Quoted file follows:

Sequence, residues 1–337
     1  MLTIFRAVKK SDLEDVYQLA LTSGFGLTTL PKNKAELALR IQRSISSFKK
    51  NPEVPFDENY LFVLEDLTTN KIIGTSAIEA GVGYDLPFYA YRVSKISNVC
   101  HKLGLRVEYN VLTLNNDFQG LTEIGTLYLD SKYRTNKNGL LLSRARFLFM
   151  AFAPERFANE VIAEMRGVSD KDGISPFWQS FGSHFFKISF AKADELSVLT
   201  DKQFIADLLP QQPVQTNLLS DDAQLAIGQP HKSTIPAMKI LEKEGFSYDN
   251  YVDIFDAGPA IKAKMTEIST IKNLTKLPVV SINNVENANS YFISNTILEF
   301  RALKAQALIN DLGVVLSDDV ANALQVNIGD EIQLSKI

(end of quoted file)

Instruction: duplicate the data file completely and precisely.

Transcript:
Sequence, residues 1–337
     1  MLTIFRAVKK SDLEDVYQLA LTSGFGLTTL PKNKAELALR IQRSISSFKK
    51  NPEVPFDENY LFVLEDLTTN KIIGTSAIEA GVGYDLPFYA YRVSKISNVC
   101  HKLGLRVEYN VLTLNNDFQG LTEIGTLYLD SKYRTNKNGL LLSRARFLFM
   151  AFAPERFANE VIAEMRGVSD KDGISPFWQS FGSHFFKISF AKADELSVLT
   201  DKQFIADLLP QQPVQTNLLS DDAQLAIGQP HKSTIPAMKI LEKEGFSYDN
   251  YVDIFDAGPA IKAKMTEIST IKNLTKLPVV SINNVENANS YFISNTILEF
   301  RALKAQALIN DLGVVLSDDV ANALQVNIGD EIQLSKI